Radiation therapy, AKA radiotherapy, is one type of cancer treatment used as part of a treatment plan to control or kill malignant cells. The therapy uses ionizing radiation, gamma rays, delivered by a linear accelerator.
Radiation therapy may be administered by a machine outside the body (external beam radiation therapy) delivered in the form of photon beams, or it may be produced from a radioactive material placed in the body close to the cancer cells (internal radiation therapy) delivered as radioactive isotopes sealed in tiny seeds. These seeds are placed into the patient using a needle or catheter.
The purpose of radiation therapy is to kill cancer cells, ultimately by destroying the abnormal cells DNA. The type of therapy is able to damage the cell’s DNA directly, or by creating charged particles (free radicals) from within the cells, which in turn may damage the DNA.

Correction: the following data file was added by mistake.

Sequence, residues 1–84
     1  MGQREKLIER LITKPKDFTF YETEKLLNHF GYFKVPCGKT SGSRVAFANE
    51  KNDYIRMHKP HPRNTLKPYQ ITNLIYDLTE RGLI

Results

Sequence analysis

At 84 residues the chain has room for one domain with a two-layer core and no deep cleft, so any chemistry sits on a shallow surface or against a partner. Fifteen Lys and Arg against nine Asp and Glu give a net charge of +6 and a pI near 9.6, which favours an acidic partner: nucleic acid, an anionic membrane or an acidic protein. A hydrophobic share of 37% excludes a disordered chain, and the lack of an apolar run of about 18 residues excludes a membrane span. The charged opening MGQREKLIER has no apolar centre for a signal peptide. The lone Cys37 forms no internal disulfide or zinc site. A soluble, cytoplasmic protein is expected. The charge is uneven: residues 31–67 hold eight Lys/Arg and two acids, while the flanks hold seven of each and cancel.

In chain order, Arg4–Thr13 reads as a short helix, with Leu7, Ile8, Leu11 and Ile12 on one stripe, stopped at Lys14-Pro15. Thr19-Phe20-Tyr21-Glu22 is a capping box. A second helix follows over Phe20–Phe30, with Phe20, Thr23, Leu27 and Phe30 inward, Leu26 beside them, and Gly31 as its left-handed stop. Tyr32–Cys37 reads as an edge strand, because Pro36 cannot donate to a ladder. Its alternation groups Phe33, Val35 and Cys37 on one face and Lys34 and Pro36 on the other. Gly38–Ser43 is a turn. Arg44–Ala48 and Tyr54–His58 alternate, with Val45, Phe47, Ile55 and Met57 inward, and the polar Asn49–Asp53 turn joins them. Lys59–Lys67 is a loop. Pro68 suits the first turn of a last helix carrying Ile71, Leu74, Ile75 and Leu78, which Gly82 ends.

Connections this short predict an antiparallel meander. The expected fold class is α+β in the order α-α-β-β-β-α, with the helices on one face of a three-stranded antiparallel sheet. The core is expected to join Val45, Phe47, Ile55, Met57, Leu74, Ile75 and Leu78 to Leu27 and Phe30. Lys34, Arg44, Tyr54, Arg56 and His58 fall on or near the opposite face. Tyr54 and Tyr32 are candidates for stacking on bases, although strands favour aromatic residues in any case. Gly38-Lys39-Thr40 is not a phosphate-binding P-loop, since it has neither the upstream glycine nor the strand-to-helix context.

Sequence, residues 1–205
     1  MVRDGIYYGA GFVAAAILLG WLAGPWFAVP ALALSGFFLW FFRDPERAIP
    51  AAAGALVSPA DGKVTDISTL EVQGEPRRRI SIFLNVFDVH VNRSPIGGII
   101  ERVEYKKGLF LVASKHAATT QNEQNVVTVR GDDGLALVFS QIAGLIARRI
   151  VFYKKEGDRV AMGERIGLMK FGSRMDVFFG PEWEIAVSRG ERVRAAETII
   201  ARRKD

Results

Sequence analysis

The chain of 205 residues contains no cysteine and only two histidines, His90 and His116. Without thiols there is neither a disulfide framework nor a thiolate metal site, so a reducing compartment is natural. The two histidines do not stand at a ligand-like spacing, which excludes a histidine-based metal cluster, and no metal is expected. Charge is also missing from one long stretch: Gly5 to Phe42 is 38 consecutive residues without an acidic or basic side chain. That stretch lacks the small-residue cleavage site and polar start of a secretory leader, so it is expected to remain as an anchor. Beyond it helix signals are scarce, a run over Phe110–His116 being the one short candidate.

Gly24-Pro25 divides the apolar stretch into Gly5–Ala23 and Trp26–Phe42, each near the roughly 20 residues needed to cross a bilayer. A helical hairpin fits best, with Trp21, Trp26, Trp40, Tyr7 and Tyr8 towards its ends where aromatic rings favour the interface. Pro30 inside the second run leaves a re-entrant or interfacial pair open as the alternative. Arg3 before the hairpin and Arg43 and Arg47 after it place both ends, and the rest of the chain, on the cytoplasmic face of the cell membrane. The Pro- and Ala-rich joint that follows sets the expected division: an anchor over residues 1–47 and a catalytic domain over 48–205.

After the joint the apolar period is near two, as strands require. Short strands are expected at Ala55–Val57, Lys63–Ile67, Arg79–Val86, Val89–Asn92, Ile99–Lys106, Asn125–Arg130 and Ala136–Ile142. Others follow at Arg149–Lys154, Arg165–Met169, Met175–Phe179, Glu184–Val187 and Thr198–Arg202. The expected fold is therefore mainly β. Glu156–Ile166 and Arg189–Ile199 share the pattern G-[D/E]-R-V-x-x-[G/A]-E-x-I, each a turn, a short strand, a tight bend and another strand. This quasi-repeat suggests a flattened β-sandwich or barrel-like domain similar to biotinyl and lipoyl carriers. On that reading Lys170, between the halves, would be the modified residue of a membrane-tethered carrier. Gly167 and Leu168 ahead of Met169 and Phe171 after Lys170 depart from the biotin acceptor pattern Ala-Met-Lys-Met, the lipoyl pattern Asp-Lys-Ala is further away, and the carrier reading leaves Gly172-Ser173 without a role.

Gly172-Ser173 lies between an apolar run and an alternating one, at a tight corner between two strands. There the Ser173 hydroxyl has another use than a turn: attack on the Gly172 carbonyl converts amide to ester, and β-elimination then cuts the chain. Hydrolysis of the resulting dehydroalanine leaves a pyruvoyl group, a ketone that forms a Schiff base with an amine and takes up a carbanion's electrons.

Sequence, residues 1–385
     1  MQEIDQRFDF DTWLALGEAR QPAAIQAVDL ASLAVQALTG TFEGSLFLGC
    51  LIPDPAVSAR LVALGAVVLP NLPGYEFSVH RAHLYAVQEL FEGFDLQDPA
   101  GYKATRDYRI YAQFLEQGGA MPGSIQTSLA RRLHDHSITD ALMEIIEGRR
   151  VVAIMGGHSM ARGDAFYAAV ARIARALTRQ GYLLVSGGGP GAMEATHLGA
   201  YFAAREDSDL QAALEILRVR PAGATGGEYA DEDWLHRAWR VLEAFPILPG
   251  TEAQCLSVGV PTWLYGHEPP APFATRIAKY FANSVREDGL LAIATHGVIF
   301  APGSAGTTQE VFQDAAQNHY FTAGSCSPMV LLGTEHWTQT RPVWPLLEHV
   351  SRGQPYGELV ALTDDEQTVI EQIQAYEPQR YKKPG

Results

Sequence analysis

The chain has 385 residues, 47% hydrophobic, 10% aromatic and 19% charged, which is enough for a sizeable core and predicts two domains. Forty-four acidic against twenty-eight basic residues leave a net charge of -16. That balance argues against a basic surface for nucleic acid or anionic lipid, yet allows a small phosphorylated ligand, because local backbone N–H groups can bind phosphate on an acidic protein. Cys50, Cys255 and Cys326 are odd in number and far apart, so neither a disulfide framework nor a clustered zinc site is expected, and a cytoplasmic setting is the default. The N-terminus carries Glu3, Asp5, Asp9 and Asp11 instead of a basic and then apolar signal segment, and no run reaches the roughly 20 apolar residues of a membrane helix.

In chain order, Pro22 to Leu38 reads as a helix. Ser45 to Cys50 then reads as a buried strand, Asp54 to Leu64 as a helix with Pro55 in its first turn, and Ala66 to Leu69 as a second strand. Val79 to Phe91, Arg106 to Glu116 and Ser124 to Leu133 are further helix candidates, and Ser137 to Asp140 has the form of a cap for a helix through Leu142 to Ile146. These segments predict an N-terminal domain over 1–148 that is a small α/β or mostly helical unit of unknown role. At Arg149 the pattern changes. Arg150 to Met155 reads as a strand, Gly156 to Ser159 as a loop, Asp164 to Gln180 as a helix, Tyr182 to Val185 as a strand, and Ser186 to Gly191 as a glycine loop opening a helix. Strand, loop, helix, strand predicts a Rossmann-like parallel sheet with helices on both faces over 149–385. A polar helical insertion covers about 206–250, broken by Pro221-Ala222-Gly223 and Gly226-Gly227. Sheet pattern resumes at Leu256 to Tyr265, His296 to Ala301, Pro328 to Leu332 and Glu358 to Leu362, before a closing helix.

Malignant cells with damaged DNA will ultimately stop dividing, or simply die. When the damaged cells die, they are broken down by the body and eliminated.
A radiation oncologist will tailor a patient’s treatment plan, beginning with simulation. This process involves detailed imaging scans to show the location of a patient’s tumor. The scans may be composed of CT, MRI, PET (positron emission tomography) or ultrasound.
During such scans, detailed images are created via computer linked to an x-ray machine. For imaging, it is essential that the patient remains in the exact same position. Body molds, head masks and other devices aid in insuring this practice.
Subsequent to the simulation process, the oncologist determines the exact area of treatment, the total radiation dose that will be delivered to the patient and the safest path of radiation delivery, ultimately preserving as much healthy tissue around the tumor as possible.
Radiation therapy is principally used to destroy cancer cells whilst preserving as much healthy tissue as possible.